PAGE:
On July 29, 2009, the Federal Trade Commission announced it will delay enforcement of the new “Red Flags Rule” from August 1, 2009 to October 1, 2009, to give creditors and financial institutions more time to develop and implement written identity theft prevention programs.

As part of the Commission’s implementation of the Fair and Accurate Credit Transactions (FACT) Act of 2003, many fashion and apparel retailers with private label credit cards will need to comply with the Red Flags Rule. The Rule requires “creditors” — which FTC guidance has defined broadly to include “retailers that offer financing or help consumers get financing from others, say, by processing credit applications” — to establish a program to prevent identity theft in their practices. The program must highlight “Red Flags” — that is, indicators of a possible risk of identity theft.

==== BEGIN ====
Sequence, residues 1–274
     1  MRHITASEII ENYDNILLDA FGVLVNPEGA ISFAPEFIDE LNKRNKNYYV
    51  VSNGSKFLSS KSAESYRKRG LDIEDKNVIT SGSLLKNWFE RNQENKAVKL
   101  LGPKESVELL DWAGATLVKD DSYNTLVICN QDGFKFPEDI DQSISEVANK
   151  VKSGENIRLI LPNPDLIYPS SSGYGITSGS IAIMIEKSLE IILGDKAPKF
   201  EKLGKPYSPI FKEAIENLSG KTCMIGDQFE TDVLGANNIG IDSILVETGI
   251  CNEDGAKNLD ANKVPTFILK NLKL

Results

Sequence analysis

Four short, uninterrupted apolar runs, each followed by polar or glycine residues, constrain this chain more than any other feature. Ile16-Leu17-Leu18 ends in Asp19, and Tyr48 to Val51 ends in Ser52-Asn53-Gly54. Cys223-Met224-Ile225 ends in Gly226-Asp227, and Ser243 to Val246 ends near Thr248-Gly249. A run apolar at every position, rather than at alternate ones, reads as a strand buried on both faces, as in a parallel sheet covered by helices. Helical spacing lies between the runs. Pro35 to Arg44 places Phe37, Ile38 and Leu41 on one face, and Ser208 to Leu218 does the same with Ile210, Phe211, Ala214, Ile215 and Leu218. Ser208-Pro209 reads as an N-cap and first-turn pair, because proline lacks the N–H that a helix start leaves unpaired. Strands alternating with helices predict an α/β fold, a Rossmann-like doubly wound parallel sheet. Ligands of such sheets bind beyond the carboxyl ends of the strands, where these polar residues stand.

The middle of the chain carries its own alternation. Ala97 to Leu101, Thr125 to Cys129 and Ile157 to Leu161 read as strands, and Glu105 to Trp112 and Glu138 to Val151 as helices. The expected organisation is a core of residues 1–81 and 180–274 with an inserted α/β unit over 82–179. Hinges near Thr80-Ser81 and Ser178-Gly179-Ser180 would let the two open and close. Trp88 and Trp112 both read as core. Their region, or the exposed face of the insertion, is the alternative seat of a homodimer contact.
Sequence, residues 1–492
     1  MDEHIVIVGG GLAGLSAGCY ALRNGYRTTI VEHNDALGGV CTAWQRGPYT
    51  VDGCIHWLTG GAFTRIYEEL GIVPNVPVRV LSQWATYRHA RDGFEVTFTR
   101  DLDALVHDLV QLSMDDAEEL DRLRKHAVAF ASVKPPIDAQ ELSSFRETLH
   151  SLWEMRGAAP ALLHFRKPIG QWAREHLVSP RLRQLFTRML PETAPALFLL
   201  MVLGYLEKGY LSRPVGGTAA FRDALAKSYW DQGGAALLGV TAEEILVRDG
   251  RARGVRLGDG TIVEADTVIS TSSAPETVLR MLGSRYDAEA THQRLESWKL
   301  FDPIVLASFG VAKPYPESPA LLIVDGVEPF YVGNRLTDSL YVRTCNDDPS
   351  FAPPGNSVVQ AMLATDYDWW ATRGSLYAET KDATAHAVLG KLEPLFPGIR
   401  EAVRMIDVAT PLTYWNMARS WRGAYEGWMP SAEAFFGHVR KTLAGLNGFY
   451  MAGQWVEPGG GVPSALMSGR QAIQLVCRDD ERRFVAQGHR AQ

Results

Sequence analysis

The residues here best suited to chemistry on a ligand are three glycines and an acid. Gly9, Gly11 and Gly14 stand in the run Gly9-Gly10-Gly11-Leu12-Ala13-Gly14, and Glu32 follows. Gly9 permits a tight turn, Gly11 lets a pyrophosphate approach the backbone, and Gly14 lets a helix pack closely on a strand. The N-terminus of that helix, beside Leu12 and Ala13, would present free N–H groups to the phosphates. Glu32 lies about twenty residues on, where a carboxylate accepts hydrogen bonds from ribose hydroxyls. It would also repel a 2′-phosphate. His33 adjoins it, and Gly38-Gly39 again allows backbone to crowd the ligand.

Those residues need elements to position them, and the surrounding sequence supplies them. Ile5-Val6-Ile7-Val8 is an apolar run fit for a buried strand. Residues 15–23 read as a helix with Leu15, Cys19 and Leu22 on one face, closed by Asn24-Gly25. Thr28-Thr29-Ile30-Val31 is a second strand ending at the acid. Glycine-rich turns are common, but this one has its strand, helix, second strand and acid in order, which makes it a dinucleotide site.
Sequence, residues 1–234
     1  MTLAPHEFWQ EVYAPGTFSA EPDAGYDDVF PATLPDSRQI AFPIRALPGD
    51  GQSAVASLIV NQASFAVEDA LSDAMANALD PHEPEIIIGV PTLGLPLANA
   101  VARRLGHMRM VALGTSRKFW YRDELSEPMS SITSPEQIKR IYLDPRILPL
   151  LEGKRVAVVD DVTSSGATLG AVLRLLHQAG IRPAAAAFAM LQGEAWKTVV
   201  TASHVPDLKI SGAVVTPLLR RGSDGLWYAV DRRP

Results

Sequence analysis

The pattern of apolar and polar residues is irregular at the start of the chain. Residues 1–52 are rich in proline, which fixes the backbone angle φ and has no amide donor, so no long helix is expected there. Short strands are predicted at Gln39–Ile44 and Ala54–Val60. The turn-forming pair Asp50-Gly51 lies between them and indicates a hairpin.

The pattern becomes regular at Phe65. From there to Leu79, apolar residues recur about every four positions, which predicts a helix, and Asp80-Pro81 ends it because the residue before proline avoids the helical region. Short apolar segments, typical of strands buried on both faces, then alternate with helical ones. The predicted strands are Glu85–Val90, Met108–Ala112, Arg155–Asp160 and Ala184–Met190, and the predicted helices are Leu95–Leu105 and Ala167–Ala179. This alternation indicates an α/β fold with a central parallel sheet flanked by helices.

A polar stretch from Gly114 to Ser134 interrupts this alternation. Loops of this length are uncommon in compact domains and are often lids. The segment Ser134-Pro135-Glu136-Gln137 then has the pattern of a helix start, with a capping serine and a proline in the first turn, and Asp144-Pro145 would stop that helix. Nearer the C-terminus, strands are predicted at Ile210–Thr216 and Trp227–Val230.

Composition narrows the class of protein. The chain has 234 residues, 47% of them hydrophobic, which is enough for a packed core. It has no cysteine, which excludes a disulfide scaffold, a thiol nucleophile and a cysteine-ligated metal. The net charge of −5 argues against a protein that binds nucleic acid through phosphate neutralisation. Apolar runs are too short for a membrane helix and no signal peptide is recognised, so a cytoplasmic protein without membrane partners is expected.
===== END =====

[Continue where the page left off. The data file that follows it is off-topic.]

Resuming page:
The Red Flags Rule was scheduled to go into effect on August 1, 2009. Retailers, and other industries surprised to learn they may fall within the definition of “creditor,” have expressed concern about enforcement of the Rule. In the press release announcing the extension, FTC Chairman Jon Leibowitz is quoted as saying “Given the ongoing debate about whether Congress wrote this provision too broadly, delaying enforcement of the Red Flags Rule will allow industries and associations to share guidance with their members, provide low-risk entities an opportunity to use the template in developing their programs, and give Congress time to consider the issue further.”